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Recently, the Advertising Standards Authority (ASA) rejected complaints about loaf, baguette and sandwich advertising using ‘fresh’ marketing claims. The Real Bread Campaign believes that the ASA’s rejection of such complaints might not be in line with current government guidance*. In one case, products described as ‘fresh’ were manufactured elsewhere and re-baked in stores; while another company’s loaves had shelf life prolonged by an artificial preservative.
While slamming Pret a Manger’s ‘misleading’ claims of serving ‘natural food’ and “avoiding the obscure chemicals, additives and preservatives”, the ASA rejected the second element of the Real Bread Campaign’s complaint regarding where and when Pret baked. Meanwhile, the Trading Standards department of Westminster City Council still has not announced whether or not it will take action against Pret in response to the Campaign’s parallel complaint submitted 16 months ago about similar claims made on packaging and signs in-store.
The fresher the better?
The multinational food-to-go empire makes marketing claims including: “You may have noticed we have a big, fancy baker’s oven in every Pret shop (indeed some have two). We bake our baguettes, pastries, croissants and savouries in-house throughout the day...” and “we bake our baguettes throughout the day, the fresher the better” and “our wraps and flat breads are handmade throughout the day in each shop kitchen…”
The reality is that Pret does not make a single sandwich loaf, baguette, croissant, wrap or flatbread fresh from scratch in any of its outlets; these products are manufactured by third-party suppliers. In the case of croissants and baguettes, they are delivered frozen, rather than fresh. The latter are supplied previously baked, with Pret in-store employees using the “big fancy baker’s oven” as a ‘loaf tanning salon’ merely to brown and crispen the crusts.
Industry body dismissing government guidance?
In its ruling (A16-367959), the Advertising Standards Authority (ASA) appeared to dismiss current official Food Standards Agency guidance partly on the grounds that it is “based on consumer research carried out prior to July 2008”. The ASA said it “considered that consumers were unlikely to interpret ‘baked in store’ to mean only products that were made from scratch using basic raw materials such as flour and butter. We considered that consumers were likely to interpret it to include products which were cooked from frozen raw dough or from part-baked dough.”
In another case, the supermarket chain Iceland claimed certain industrial loaf products were “delivered fresh each day”, despite being artificially preserved by the use of potassium sorbate and calcium propionate additives to prolong their shelf life. Use of these additives indicate they were likely to be designed to be able to be bought and eaten days after manufacture and sale. In its ruling (A17-393093) the ASA stated: “We did not consider that consumers would expect every loaf of bread being sold in the range to have arrived in the store that day, but that fresh loaves were delivered.”
Campaign coordinator Chris Young said: “We believe that the ASA is failing to protect shoppers from being misled by advertisers using ‘freshness’ to market products that have in fact been baked twice, or are laced with preservatives to prolong what industrial loaf fabricators and retailers call ‘durability’.”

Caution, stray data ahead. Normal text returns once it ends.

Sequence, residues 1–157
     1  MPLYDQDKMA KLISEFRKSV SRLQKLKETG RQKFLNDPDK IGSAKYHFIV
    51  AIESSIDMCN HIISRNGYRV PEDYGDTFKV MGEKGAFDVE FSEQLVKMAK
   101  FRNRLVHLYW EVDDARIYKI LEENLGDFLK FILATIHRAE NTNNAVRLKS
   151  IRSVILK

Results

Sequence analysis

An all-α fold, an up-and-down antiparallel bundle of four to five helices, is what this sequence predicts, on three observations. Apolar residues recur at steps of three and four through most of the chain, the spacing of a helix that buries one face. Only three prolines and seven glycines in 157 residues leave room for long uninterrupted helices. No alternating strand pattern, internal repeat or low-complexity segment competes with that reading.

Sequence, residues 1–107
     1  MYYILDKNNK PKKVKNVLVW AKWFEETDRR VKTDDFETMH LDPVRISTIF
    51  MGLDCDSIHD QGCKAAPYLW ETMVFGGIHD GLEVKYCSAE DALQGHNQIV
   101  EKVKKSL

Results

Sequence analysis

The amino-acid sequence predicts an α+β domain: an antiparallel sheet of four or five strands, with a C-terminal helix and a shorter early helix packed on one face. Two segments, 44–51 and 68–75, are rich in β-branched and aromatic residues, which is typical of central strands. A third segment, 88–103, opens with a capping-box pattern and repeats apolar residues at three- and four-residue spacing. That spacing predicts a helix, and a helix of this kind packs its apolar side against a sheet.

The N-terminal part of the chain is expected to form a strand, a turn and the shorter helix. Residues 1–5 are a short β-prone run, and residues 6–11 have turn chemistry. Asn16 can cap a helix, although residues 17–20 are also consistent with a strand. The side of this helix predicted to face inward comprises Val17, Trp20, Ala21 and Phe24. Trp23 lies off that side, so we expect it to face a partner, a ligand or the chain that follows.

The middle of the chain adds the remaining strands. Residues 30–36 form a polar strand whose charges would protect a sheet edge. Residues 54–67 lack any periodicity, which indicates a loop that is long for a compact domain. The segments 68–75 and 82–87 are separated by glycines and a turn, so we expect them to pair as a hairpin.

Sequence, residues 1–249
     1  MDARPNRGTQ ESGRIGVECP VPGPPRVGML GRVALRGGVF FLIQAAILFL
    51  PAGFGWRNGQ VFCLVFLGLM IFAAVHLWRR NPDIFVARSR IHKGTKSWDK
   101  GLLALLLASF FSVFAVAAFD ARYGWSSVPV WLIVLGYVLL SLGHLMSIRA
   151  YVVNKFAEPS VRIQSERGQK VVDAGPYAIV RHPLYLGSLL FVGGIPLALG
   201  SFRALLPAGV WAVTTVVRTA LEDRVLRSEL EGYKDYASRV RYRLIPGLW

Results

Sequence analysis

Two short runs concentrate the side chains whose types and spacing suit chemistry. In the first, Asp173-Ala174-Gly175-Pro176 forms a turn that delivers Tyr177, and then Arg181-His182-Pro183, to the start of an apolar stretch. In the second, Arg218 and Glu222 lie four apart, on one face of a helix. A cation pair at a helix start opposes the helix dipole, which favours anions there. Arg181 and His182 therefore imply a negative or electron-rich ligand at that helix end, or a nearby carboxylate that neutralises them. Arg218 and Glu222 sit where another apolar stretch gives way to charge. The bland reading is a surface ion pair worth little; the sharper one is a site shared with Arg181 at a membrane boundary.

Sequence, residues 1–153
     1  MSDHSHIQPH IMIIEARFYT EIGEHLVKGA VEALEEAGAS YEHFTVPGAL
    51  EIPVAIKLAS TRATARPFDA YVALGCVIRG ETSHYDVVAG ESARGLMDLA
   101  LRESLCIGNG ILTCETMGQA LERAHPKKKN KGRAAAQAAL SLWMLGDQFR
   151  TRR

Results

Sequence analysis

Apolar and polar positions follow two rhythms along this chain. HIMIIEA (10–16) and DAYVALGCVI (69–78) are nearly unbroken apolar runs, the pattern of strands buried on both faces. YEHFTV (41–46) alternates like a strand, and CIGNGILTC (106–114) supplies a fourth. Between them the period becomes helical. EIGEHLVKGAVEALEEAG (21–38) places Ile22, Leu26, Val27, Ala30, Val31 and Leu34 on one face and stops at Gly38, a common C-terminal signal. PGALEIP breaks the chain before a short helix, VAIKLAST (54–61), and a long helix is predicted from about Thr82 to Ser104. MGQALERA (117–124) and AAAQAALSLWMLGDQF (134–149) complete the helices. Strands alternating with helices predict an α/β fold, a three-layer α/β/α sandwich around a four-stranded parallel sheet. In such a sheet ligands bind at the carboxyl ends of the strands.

Young added: “As for Westminster Trading Standards, we believe the department may be more focussed on protecting the interests of a company than those of shoppers looking for genuinely freshly-baked bread and of other small, local, independent businesses that make and sell it.”
We need an Honest Crust Act
The Real Bread Campaign believes that ‘freshly baked bread’ and related claims should only be used to market products that are made without any artificial additives and sold within 12 hours of being made from scratch, and not to promote bought-in chilled or frozen dough items that are merely ‘baked off’ on site, or previously baked products that are then re-baked in store.
The Campaign calls for the government to introduce an Honest Crust Act that will legally define and protect bakery descriptions including ‘fresh’, ‘wholegrain’, ‘artisan bread’ and ‘sourdough’. From late 2017 to early 2018, more than 1,500 people wrote to Secretary of State for Defra Michael Gove in support of this but to date, none has received a reply. The Campaign will be taking the next steps in this mission later in spring 2018.
* “Terms such as ‘freshly baked, ‘baked in store’ and ‘oven fresh’ may mislead consumers into believing that they are being offered products that have been freshly produced on site from basic raw materials. Some stores sell bread made from part-baked products that have been packed in an inert atmosphere or frozen off-site then ‘baked off’ at in-store bakeries. Use of terms like ‘freshly baked’, ‘baked in store’ and ‘oven fresh’ on these products could potentially infringe the general legal [food labelling and marketing] provisions…” Criteria For The Use Of The Terms Fresh, Pure, Natural Etc. In Food Labelling, Food Standards Agency
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Real Bread Campaign: The Real Bread Campaign finds and shares ways to make bread better for us, better for our communities and better for the planet. Whether your interest is local food, community-focussed small enterprises, honest labelling, therapeutic baking, or simply tasty toast, everyone is invited to become a Campaign supporter.
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